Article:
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Vaughan Williams:Sym. 7

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Product Details

  • Audio CD
  • Number of Discs: 1
  • ASIN: B00000DQUW
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Most Helpful Customer Reviews on (beta) HASH(0xa849d4c8) out of 5 stars 2 reviews
HASH(0xa8482fa8) out of 5 stars Boult Near His Best, Especially On "The Wasps" Nov. 27 2012
By Bruce Eder - Published on
Sir Adrian Boult left behind two recordings of the Vaughan Williams Sinfonia Antartica, and the general consensus is that his earlier one, done in mono for Decca Records in 1953, is the better performance, in terms of capturing the true tone and meaning of the piece -- and for the record, the work's premiere was conducted by Sir John Barbirolli in January of that year with the Halle Orchestra and the same soloist (Margaret Ritchie) who appeared on Boult's recording later that year. And it may, indeed, be true that the Decca recording is superior as a performance. But to date (as of 2012), Universal, which owns the Decca recording, has yet to issue a CD of that recording that captures the sonic majesty of the original LP issues, nor has it issued a CD that is balanced correctly -- to wit, if one puts the volume at a level adequate to actually hear what Sir John Gielgud is reading in the spoken portions that herald each movement, then one is fairly blasted out of one's chair by the music itself, as well as risking one's equipment and the ire of one's neighbors; and if the music is set at a reasonable level, then one cannot hear what the narrator is saying.

As to the recording at hand, there is no narrator (the presence of which was always optional), so that problem is avoided -- and the decade-and-a-half advance in recording technology does give this recording an edge over its predecessor on purely technical grounds -- that said, it is not as overwhelmingly dark and brooding a performance as the earlier recording, though given the music itself, one would be hard-put to say that it is in any way "light."

What this CD does offer, however, without any equivocation is a still-unique recording of the five-movement suite from "The Wasps" -- a much more lighthearted piece from four decades or more earlier in the composer's life (before two World Wars, among other darkening factors), "The Wasps" would seem to be a strange pairing with Antartica (it was originally the fourth LP side of the more stylistically congruent Sea Symphony), yet the two have been joined at the hip in various EMI incarnations for more than two decades. This is Boult and the London Philharmonic at their most robust and downright wild, the orchestra swinging with the music almost as though the sections are dancing in the final movement of the piece. For four decades the suite has left this listener aglow in laughter and breathless in appreciation of the performance, and the work comes off ever more convincingly as a wild-and-woolly English "Nutcracker," with all of the visceral energy and joy of the man who gave the world Hugh The Drover (as an English answer to Puccini). On the basis of those five tracks alone, this CD is worth owning, and also worth gifting to friends who will likely love it.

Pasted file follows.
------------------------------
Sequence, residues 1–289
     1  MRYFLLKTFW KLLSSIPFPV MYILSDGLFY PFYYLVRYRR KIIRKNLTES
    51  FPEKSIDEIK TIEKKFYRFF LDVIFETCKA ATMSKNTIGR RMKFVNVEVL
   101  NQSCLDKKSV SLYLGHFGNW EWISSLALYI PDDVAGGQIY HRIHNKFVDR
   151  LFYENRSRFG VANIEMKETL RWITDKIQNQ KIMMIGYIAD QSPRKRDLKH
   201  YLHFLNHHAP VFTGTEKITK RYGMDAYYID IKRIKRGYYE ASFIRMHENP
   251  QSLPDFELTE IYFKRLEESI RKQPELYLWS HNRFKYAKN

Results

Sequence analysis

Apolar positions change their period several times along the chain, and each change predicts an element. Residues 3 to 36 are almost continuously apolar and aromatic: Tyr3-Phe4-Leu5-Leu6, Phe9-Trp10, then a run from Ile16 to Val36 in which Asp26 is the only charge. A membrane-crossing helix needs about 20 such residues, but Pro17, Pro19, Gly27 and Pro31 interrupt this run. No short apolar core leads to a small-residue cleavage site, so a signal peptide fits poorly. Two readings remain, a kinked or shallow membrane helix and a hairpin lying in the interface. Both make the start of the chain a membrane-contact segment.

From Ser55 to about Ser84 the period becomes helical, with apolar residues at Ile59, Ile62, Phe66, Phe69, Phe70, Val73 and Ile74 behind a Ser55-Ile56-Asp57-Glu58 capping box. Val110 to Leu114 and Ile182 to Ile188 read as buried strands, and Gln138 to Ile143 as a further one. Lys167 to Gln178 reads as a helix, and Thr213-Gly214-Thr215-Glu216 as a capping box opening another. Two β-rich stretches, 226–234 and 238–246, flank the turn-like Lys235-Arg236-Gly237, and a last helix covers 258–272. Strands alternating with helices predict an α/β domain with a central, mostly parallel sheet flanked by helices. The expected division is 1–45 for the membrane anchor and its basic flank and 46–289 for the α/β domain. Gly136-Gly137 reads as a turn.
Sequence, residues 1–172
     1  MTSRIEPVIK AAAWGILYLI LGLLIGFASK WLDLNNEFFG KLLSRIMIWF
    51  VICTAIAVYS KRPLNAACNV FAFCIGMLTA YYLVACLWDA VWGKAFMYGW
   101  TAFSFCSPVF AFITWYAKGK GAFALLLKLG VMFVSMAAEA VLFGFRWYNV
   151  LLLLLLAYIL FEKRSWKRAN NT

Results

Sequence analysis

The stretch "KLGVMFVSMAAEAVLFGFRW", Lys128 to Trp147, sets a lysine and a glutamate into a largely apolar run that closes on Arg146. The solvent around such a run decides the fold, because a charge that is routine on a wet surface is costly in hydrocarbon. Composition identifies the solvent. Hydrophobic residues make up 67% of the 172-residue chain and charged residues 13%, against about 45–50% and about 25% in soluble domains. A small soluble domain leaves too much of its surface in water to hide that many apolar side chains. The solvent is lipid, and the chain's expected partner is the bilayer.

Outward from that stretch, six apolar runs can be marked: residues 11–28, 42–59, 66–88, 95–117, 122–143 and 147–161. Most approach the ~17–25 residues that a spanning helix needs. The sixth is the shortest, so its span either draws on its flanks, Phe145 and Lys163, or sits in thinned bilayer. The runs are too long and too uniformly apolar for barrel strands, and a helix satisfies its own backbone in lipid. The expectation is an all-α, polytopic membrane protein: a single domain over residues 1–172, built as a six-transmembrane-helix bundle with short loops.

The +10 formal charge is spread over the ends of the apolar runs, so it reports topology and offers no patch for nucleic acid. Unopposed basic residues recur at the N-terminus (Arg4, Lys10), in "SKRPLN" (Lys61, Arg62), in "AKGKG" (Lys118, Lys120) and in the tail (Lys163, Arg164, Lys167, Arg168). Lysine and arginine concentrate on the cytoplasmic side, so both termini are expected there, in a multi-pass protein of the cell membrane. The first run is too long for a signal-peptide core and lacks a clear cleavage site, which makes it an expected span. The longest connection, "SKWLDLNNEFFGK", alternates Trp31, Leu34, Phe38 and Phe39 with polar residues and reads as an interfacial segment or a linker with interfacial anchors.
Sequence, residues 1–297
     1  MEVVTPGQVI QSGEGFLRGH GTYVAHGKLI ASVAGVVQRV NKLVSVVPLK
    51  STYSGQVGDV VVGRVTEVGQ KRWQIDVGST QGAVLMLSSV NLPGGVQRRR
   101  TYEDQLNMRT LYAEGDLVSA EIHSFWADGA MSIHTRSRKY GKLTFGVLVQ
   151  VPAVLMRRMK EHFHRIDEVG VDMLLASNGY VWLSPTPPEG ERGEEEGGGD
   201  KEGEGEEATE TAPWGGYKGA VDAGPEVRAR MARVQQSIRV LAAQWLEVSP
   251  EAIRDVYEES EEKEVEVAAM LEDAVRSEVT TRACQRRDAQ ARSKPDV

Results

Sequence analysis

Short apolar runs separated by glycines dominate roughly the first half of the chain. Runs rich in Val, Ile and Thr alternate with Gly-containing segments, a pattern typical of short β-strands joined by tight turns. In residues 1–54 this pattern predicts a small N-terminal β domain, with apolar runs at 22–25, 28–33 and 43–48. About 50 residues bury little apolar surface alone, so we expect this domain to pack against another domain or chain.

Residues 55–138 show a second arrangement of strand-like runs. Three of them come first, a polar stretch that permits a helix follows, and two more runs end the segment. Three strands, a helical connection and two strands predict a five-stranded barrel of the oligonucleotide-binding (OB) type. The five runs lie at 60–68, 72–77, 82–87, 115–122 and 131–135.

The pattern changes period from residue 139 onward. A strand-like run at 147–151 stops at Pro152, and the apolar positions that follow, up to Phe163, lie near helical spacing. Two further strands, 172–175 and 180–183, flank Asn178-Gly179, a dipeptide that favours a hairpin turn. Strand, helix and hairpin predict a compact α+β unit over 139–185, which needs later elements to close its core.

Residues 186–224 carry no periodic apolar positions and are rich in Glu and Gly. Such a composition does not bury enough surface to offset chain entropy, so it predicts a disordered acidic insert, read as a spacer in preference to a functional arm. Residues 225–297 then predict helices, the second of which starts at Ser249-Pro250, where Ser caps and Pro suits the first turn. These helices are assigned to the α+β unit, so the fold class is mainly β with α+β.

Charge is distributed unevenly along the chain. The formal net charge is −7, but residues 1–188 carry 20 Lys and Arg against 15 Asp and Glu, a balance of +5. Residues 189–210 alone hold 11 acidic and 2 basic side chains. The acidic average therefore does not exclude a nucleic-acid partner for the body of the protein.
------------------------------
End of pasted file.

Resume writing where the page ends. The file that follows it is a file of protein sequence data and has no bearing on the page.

0 of 1 people found the following review helpful
HASH(0xa84816d8) out of 5 stars Comparative Review v. Bakels Aug. 8 2009
By Karl W. Nehring - Published on
I had hoped to pick up both CDs at the same store, but the first shopping trip netted me only the Naxos version by Bakels. I had not played the Sinfonia Antartica for some time, but it did not take me long in listening to the Naxos version to hear that this was a performance and recording that was highly charged with energy. Some of the climaxes in the first movement were quite emphatic, and the organ in the third movement was recorded more powerfully than I had ever remembered hearing it. My initial feeling was that for a bargain, I was really getting bang for the buck (and I only spent about six of them). The recording was fun to listen to, and I played it a few times at home, in the car, and at work before I finally tracked down the Boult, which set me back about ten bucks.